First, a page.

Afterwards at dinner, I could barely eat.  It was like a balloon was fully inflated in my stomach.

My symptoms got worse, and although I pride myself in pushing through with a smile on my face… my husband knows me too well.

Sunday we ventured to Charlotte, I slept in the car on the way there, battling the worst indigestion I had ever endured and a headache that found residence between my eyes.

Back at the inn, I made use of the antique sofa in the restroom to get a few moments to center before I listlessly accompanied the most understanding and wonderful husband (ever) to a Thai restaurant where fear of eating and lack of appetite made for even more obvious clues of my phony wellness.

As we prepared to travel back to Florida yesterday morning, I acknowledged the voice in the back of my mind.

However, I refuse to let that voice dictate my life.  I can’t.

I sit here now on our couch, my spirit and energy has admittedly taken a huge hit… but this is part of my journey.  Writing this helps me to purge and turn my tears into happy ones.  I am so thankful for all that I have, and I hope that perhaps one person will read this and know that we all have our own baggage.  It reminds me of one of my favorite quotes by Lena Horne,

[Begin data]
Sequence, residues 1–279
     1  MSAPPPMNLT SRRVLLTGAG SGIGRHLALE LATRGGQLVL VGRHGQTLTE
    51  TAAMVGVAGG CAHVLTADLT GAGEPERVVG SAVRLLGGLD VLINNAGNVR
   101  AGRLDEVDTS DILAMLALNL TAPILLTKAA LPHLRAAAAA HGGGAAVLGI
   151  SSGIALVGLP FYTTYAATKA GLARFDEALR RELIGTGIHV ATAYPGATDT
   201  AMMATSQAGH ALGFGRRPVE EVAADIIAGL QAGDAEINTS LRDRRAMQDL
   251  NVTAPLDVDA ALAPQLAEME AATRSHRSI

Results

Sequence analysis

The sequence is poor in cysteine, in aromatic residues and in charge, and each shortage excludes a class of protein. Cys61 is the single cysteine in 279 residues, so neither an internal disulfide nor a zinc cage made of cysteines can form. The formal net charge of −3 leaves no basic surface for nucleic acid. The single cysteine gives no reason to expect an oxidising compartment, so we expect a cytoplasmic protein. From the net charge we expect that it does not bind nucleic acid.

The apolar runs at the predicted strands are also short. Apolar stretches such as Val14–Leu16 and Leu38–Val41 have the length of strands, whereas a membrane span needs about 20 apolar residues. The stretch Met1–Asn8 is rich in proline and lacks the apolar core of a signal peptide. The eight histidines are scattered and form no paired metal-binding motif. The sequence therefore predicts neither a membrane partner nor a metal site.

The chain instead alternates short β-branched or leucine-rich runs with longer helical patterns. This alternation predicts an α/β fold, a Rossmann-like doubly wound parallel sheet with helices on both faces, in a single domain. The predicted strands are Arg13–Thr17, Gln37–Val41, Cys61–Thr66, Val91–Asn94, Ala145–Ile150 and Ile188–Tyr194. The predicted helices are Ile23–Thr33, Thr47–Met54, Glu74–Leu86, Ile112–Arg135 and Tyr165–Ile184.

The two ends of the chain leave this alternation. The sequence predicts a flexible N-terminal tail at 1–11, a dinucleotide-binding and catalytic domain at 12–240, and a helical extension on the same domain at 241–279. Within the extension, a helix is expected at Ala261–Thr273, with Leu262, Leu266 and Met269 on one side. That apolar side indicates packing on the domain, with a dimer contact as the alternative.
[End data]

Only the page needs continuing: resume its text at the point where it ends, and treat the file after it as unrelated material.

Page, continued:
“It’s not the load that breaks you down, it’s the way you carry it.”

The amount of memories made on our first anniversary adventure were priceless, and my “spare passenger” has taught me that maybe someone like me is pretty damn tough.

27 responses »

  1. How very beautiful and inspiring your words are, Brandi. I always think that when I come here. That I would like to emulate you in so many ways, because there are just some days when anxiety defeats me, too, and I would like to take a chapter out of your book.

    And you look gorgeous and so relaxed in this photo… so clearly you know how to quiet some of those inner voices :)

    • You have no idea how much I appreciate you and what you wrote. It really helps me see the big picture for my own struggles… that I could perhaps help you with yours. :)

      Awe, I was sooooo trying to put on a brave face in that beautiful place with my awesome husband. :)

  2. A positive outlook will take you so far. Sorry to hear that the trip wasn’t the best but I am sure there are better trips in your future.

    • I stopped by your blog. :) Wow, reading your “about me” about raising your daughter… I just got goosebumps thinking of being a mom someday. I know it will be as beautiful as you describe. Loved your recent post about words as well… :)

      Yes, better trips and more lessons to come. :)

      Thank you so much for stopping by!